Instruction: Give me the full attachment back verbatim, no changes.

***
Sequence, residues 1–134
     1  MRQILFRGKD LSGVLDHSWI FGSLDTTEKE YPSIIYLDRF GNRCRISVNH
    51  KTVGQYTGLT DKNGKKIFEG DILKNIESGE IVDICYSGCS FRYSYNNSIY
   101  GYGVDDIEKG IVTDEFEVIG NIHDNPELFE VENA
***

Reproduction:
Sequence, residues 1–134
     1  MRQILFRGKD LSGVLDHSWI FGSLDTTEKE YPSIIYLDRF GNRCRISVNH
    51  KTVGQYTGLT DKNGKKIFEG DILKNIESGE IVDICYSGCS FRYSYNNSIY
   101  GYGVDDIEKG IVTDEFEVIG NIHDNPELFE VENA